3D Printer Heated Bed Calibration

24th January 2017

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How to keep your printing beds hot

One of the major reasons contributing to failed prints is compromised build plate. It may be not levelled well or it may heat incorrectly causing warp and detachment. Our Magigoo was invented to provide adhesion and prevent warp, but even we calibrate our printers monthly to rule out any inconsistencies. Here is our recipe for calibration.

Why is calibration so important?

 Lets start with the build plate today. Say you are printing in ABS, so you set you print bed to 100 C.. When you look at your printer hardware closer you realise that the temperature of the bed is often measured by a single thermistor, which is placed in the centre of the bed in the middle of a PCB. This PCB is then covered with some type of metal plate which is then often covered with a glass plate. So basically there may be 3 layers of material, with varying thermal properties and conductivities and between each of these there might be either a layer or pockets of insulating air. Also it is likely that the bed radiates more heat from the sides rather than the centre, as its losing heating effect from centrally located PCB. So, is the bed temperature 100 C? Your display is showing so, butin reality its hard to answer. You are going to have to check it out yourself and we can tell you how.

What do you need 

The method is pretty simple and cheap to do, all you need is a

  •  glass of water (ideally deionised but for this purpose tap water should do)
  •  hot plate (or kitchen stove),
  • multimeter with a thermocouple,
  •  bulb thermometer and
  • thermal paste
  • ohh yes, and a 3D printer.


 First things first, lets make sure our thermocouple is giving us the correct readings

i) Fill beaker with 200 mL deionised water

ii) Place beaker on hot plate and boil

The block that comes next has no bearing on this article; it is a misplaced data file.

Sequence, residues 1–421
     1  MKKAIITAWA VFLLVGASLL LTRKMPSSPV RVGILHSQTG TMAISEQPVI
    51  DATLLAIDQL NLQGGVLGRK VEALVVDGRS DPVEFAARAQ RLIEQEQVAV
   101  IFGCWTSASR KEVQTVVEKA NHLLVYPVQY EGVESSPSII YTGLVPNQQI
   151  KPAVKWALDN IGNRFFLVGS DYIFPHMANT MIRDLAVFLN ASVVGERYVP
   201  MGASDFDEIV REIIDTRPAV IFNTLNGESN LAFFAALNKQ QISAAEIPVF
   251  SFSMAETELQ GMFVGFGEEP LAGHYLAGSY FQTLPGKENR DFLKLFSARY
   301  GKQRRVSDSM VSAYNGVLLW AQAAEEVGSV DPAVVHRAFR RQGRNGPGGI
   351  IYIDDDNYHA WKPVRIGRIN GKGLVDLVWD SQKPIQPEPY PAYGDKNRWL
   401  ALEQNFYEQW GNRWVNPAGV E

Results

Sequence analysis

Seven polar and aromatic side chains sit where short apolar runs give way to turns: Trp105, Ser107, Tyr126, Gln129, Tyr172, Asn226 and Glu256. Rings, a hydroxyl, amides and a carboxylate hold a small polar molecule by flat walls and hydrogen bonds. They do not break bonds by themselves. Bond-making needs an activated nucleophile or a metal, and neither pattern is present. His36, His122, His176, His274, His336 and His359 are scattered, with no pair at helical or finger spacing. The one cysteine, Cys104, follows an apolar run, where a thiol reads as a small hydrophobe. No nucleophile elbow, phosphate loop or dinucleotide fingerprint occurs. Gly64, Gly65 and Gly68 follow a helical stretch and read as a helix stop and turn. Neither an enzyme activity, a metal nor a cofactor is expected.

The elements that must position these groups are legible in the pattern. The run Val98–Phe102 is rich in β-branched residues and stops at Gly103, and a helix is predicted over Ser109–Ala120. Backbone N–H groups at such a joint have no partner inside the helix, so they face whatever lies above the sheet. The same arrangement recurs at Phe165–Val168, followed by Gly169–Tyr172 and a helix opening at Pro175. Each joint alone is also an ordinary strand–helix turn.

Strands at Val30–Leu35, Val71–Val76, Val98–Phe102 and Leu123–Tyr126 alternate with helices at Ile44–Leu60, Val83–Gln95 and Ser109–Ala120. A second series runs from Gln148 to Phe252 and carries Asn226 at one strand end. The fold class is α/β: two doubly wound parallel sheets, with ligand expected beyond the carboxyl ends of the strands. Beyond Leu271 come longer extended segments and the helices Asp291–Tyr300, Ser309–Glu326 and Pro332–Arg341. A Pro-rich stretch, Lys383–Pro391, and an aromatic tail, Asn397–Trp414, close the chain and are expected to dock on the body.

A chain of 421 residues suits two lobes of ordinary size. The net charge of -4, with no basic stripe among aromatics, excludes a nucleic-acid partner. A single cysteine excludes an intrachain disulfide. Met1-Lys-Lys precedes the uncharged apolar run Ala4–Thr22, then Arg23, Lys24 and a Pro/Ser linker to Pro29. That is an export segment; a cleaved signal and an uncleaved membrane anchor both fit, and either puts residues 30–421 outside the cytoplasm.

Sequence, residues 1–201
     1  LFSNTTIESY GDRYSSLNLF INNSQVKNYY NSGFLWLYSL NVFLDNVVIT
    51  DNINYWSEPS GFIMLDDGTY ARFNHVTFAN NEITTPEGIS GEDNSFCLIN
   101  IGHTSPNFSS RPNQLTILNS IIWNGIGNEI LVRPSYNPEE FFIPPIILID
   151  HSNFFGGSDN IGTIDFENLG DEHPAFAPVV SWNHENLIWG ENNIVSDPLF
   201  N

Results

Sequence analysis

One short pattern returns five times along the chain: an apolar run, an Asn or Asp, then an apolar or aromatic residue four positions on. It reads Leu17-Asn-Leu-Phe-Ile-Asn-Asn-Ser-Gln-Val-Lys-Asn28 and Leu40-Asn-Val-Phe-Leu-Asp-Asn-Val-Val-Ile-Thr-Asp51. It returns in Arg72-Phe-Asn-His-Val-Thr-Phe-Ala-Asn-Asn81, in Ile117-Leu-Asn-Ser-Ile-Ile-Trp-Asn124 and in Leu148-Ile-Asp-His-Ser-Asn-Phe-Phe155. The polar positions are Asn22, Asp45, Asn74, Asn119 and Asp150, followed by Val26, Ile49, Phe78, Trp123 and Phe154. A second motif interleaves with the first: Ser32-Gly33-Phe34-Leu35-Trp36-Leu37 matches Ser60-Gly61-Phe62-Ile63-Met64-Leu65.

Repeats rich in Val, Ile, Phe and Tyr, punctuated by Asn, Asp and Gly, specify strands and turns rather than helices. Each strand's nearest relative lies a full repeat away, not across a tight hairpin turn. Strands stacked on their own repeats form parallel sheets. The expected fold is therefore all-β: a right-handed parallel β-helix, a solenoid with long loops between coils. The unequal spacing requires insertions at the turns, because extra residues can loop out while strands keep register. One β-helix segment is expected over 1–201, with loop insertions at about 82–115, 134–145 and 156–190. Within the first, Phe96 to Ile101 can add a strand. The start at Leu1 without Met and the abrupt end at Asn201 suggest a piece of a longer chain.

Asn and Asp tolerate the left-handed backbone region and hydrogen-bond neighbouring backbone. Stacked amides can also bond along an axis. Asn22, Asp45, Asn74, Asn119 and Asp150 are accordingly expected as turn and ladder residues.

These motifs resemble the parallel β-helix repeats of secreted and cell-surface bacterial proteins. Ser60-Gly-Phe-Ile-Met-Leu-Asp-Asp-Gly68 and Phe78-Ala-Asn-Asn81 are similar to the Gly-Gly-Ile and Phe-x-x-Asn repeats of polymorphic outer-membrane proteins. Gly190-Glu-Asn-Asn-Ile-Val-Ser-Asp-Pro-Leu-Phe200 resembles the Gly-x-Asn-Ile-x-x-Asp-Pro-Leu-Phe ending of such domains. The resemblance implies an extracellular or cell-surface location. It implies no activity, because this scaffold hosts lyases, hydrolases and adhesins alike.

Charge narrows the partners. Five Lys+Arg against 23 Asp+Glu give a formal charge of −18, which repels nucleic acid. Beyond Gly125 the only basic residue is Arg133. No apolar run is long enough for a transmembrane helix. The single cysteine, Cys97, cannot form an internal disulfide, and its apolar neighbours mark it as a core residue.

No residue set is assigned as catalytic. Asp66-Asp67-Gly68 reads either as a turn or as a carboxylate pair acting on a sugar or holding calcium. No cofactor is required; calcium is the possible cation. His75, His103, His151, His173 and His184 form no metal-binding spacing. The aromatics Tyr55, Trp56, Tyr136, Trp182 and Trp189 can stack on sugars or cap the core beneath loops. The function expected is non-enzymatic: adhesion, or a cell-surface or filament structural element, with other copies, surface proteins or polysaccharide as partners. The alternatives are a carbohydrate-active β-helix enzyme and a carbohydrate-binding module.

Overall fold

iii) Measure temperature with mercury bulb thermometer

iv) Place thermocouple in beaker and allow to equilibrate for 2 minutes

v) Take readings every minute for 5 minutes

If you do not have a bulb thermometer in this case you could assume that the water is boiling at 100°C. The errors from the current printer displays are surely greater than the error you have here so you are already gaining a lot of information.

Calibrating heat bed

i) If you have five thermocouples, place one of the calibrated thermocouples at each corner of the bed and one at the centre, as shown in Figure 1. If not just repeat the following steps at each point

ii) On each spot, place a drop of thermal paste and fix in place with a strip of tape.

iii) Raise the temperature of the bed using the preheat setting to 40 °C. Allow to equilibrate for 15 minutes and take note of the reading. I have put in a table at the end of this post which you could use to collect your data.

iv) Repeat step iii), raising the bed temperature to 110 °C at 10 °C intervals.

v) Repeat i)-iv) with the printer open

vi) Repeat i)-v) with for aluminium surface

Doing this once is not enough. In house we calibrate our printers monthly and sometime we get a lot of variation. It isn’t ideal method, but at least it is a starting point by ruling out bed heating problems and to figuring out how to solve any printing problems you are facing.

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